Recently, I have come to realize – ironically; that it is getting increasingly difficult to communicate with service providers in Thai in Thailand.
There have been countless instances where I have gone into a restaurant, spoken to the staff in Thai and gotten nothing but blank stares and nervous mumbles. Only when I finally give up and move on to conversing with them in English do I uncover that the staff is in fact not Thai at all! The Thai service industry is full of Filipinos, Burmese, Nepalese and Cambodians in disguise. Personally, I think this is a pressing issue and needs to be addressed if Thailand aims to safeguard its reputation for sincere and impeccable hospitality. In order to do that, there is a need to shed light onto our current situation in order to understand why it is that things are happening the way they are and how it can be amended. To do that, we have to dive a into a few questions and answer exactly – why, what, who, how and where.
Why is Thailand’s immigrant hospitality workforce an issue?
Thailand has had its fair share of economic, political and social turbulence. I’d go as far as saying it’s had more than enough. Living in a country run by the emergency decree was not fun – plus it was terrible for business. It is hard to keep track of all the things the nation has been through politically for the past few years, and since this is not a history paper – I won’t bother with it. All we need to focus on at this point is that, all said and done, Thailand has proven to be a phoenix rising from the ashes. Despite undergoing a military coup in 2015, we still managed to spring back to the regular 2.8% of yearly economic growth. From the way I see it, we are doing pretty well. This year brings with it an acceleration in the first quarter and a better, more stable economic promise. Although robust government spending and a rebound in the export industry are huge contributing factors to this turnaround, the booming tourism industry is the major player driving the country’s economy forward and upward.
What does that mean for the hospitality industry in Thailand?
As tourism peaks, the hospitality industry goes into full gear in order to prepare to accommodate and cash-in on the influx of visitors. Bangkok is a bustling hub for all things hospitable. Be it hotels, restaurants,bars, spas or other recreational facilities – Bangkok has got it all and more. Question is – who are we hiring as our manpower to run these facilities? Clearly – not Thais. Thailand has a remarkably low unemployment rate of 0.7%, this means that Thais have jobs – which is great news for the country but not so much for owners of the hospitality industries here.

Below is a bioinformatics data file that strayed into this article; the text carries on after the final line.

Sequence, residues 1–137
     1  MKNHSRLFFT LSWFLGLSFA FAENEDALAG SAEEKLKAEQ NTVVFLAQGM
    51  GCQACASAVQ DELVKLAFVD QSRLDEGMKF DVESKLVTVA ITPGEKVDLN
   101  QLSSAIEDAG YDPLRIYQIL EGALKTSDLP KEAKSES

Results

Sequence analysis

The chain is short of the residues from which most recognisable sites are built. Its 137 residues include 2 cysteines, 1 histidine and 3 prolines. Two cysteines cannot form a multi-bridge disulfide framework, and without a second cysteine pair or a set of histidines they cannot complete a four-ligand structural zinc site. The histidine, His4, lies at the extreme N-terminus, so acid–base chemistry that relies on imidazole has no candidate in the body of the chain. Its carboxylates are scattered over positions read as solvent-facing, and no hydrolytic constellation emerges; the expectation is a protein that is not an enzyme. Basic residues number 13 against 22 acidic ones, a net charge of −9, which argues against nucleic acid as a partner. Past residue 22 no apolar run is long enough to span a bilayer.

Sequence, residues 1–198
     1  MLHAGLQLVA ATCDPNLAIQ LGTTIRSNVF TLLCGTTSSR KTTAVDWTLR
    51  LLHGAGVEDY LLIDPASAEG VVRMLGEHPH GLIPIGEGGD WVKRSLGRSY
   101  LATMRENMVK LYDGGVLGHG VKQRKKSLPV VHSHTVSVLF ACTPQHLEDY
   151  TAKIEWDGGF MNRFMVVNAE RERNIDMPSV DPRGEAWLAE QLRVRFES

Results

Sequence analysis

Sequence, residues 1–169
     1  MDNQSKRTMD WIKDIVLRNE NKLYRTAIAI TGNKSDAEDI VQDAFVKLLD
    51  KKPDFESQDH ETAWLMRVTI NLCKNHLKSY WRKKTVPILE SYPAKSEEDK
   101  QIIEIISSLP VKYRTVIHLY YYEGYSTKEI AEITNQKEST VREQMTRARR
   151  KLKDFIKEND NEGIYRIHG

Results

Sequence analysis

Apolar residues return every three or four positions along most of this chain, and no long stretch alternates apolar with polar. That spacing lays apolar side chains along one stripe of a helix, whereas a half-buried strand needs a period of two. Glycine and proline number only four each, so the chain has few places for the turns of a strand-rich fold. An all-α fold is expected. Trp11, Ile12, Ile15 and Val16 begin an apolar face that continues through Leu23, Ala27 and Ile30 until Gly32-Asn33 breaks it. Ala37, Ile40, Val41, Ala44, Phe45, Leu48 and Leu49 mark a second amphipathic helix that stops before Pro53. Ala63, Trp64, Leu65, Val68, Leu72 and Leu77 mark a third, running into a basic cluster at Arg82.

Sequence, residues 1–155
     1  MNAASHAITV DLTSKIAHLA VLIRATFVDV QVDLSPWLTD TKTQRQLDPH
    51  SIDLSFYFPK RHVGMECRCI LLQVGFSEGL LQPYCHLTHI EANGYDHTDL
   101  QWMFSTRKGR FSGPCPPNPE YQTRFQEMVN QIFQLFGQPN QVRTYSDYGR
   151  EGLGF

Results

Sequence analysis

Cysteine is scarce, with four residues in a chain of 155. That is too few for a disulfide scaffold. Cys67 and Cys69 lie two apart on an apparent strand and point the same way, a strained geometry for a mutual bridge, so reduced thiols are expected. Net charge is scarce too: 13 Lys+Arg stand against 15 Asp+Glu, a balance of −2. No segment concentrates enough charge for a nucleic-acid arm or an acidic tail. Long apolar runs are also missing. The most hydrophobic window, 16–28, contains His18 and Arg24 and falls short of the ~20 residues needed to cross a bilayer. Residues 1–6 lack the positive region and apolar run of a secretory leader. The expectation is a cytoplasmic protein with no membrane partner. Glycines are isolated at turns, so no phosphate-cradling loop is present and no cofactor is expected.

Thais no longer eye service industry openings as much as they used to a decade ago. They no longer need to pump in long hard hours of work to make a few bucks while there are other, more financially sound (*fancy word for less work, more pay*)options laid out for them-.With locals not wanting to work for our businesses, Where does that leave us? With a lot of positions unfilled and no one to work for us…that’s where!
Who fills in the employment gap in the service industry?
Migrants. Workers are piling in from lower income countries like Cambodia, Myanmar, Laos and Nepal(*Legal Statuses unconfirmed*). This may seem like a feasible solution for those of us who run hospitality services, why not right? -Thai people don’t want to work for us; let’s outsource. We probably get a substantial workforce for a fraction of the price. Yay! – Not so fast. We often forget that many of us cash in on selling foreigners the ‘Thai’ experience. Non-Thai’s cannot offer the ‘Thai’ experience that our guests pay for. To save on our few salary slips, we most definitely cannot forgo the essence of what our industry is built on – customer service and satisfaction. There is an issue that we face, an issue that must be fixed.
How to fix the problem?
By going back to the basic rule of hospitality – Always put your customer first (*and actually meaning it*). We need to deliver to our customers exactly what we promise them. There is a gap in the Thai talent pool – how do we fix the problem? – By fostering a new talent pool. There is a need to create and develop new and existing educational facilities that place an emphasis on multicultural hospitality excellence. For hospitality graduates who step into the employment industry, it is essential to instill a sense of success and personal achievement that will result in fostering employee loyalty and skills par excellence. There is a need for us as employers to entice young Thai graduates into the service industry with attractive packages, learning opportunities and most importantly – adequate training. Fresh talent is up for grabs everywhere, we only need to learn to optimise our talent pool.
Where do we go from here?
In order to restore the Thai service industry to its past glory, Employers like us have to be innovative in our approach. The Thai service industry is struggling to cope with a traditional heart and a young, modern and progressive soul. It is our responsibility to infuse both these contrasting yet wonderful qualities to produce a new era for the hospitality industry. It is important for us to embrace our fresh talent pool and show them the ropes to create a new generation of service providers with reflections of the traditional past and the foresight of the globalized future. To create a new, unique way – the Thai way.